Yam vs. Sweet Potato. What’s the difference?Dara Wechsler
Have you ever gone to the grocery store to buy sweet potatoes and get overwhelmed and confused with the varieties of sweet potatoes? Who would have thought that there are so many options? So many questions enter my mind. Which one is the tastiest? What color is sweeter or softer once baked? Which is best for baking, mashing, grilling, or roasting? To my surprise, there are many key differences between sweet potatoes and yams.
Although many grocery stores use the terms “sweet potatoes” and “yams” interchangeably, both are very different. Besides being underground, tuberous vegetables originate on different continents and belong to different plant families. They vary in color, taste, nutritional content, and uses.
The most common variety used in America is sweet potatoes as yams are more used in tropical climates. Sweet potatoes that originated in Central or South America, are typically more sweet and moist, starchier, with a longer shelf life than regular potatoes. Yams, on the other hand, originated in Africa and Asia. With more than 600 varieties, these potatoes are starchier and drier than sweet potatoes.
Both varieties are highly nutritious and versatile. They are full of vitamins, rich in antioxidants, may help manage blood sugar levels, lower blood pressure, and promote gut health. Depending on your preference, they can also be prepared and eaten differently. Most people often bake, mash, roast, fry, or puree for soups or to use in desserts.
To make your Thanksgiving shopping simpler, I’ve created a comparison between both to help.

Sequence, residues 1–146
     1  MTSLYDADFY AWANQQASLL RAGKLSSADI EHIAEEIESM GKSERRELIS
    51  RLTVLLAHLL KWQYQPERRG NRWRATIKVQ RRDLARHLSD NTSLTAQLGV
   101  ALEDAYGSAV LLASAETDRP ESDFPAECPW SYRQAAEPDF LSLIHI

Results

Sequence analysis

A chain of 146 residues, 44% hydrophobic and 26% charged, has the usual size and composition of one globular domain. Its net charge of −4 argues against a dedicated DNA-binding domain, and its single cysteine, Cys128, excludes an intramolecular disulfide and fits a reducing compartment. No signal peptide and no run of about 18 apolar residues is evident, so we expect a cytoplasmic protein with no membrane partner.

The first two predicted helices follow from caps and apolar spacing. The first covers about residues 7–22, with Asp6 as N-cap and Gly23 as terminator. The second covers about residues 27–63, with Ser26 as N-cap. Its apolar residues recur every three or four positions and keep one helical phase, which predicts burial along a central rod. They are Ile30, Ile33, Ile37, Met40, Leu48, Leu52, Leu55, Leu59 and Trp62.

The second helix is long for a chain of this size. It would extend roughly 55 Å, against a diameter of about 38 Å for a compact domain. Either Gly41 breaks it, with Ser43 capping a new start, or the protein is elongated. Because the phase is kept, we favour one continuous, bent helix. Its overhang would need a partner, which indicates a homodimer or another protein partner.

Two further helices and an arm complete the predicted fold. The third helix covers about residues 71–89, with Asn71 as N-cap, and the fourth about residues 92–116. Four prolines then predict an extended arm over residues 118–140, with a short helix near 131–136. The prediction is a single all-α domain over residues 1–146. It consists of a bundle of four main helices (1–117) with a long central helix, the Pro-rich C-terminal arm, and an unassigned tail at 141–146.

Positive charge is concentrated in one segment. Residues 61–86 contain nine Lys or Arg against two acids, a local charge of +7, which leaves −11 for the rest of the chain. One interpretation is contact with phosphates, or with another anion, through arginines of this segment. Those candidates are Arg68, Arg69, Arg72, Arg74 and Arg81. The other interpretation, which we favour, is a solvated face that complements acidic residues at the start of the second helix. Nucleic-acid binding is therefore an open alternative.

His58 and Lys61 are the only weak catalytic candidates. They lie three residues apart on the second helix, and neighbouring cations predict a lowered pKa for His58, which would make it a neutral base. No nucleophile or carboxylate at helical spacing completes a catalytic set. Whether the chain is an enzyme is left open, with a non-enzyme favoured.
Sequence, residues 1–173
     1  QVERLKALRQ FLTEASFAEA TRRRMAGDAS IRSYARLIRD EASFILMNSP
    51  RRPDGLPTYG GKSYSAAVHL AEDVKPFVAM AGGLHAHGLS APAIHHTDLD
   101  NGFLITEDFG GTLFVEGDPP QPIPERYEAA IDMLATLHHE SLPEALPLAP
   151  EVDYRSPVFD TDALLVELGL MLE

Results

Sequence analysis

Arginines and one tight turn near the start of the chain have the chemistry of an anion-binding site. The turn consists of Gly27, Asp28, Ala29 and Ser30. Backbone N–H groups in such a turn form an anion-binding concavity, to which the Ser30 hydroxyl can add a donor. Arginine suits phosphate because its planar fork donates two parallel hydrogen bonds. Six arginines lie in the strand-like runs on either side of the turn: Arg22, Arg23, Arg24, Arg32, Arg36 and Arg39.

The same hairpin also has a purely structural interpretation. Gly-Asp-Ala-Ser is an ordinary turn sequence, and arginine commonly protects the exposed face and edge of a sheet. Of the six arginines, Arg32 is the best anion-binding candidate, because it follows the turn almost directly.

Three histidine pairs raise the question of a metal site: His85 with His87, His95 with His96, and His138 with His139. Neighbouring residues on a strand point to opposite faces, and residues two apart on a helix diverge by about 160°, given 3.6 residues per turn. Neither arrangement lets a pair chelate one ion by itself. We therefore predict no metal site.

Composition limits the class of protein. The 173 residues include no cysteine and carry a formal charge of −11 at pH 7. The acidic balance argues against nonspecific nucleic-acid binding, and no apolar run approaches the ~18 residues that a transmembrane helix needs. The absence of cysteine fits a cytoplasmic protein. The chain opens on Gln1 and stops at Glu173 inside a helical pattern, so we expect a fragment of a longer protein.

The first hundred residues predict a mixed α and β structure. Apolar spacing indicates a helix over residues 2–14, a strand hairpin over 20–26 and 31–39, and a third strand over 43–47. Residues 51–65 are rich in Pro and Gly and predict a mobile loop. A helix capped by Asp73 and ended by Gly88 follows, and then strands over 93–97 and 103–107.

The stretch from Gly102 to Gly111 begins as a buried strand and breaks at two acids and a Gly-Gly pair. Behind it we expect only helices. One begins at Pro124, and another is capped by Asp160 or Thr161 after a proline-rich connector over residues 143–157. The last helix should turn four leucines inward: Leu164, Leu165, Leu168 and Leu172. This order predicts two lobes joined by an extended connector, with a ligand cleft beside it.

Yam VS. Sweet Potato
What are the most common types of sweet potatoes?
This is the most common sweet potato found in pretty much every grocery store. They have a dusky-red skin color with a deep orange interior. The flesh is a bit juicier than other varieties which makes it so good for baking, boiling, frying, and mashing.
Garnets are recognizable by their deep reddish purplish skin color. Being sweet, flavorful, and moister, they are ideal for mashing and using for pie, casserole, or to just eat alone once baked.
Jewels have a copper-colored skin and a bright orange flesh that’s firm and moist. They can be baked, roasted, fried, or mashed for casseroles, soups, or desserts.
White in color, these sweet potatoes are dense, firm, and starchy. They are ideal for roasting, stir-frying, deep-frying, steaming, or mashing.
Rich in flavor, Okinawa sweet potatoes have tan skin and a sugary purple flesh. Whether they’re baked, roasted, boiled, or steamed, they are packed with antioxidants and delicious.
The Japanese Satsuma-imo sweet potatoes are small and round in size with a semi-rough brown (purplish) textured skin and pale yellow flesh. Much denser and starchier than other varieties, it can be roasted, baked, boiled, stir-fried, and steamed. The shape holds up even after cooking.
Available all year round, these rose-colored sweet potatoes with vibrant orange flesh are long, slender, and small to medium in size. They can be eaten raw, baked, mashed, or roasted.
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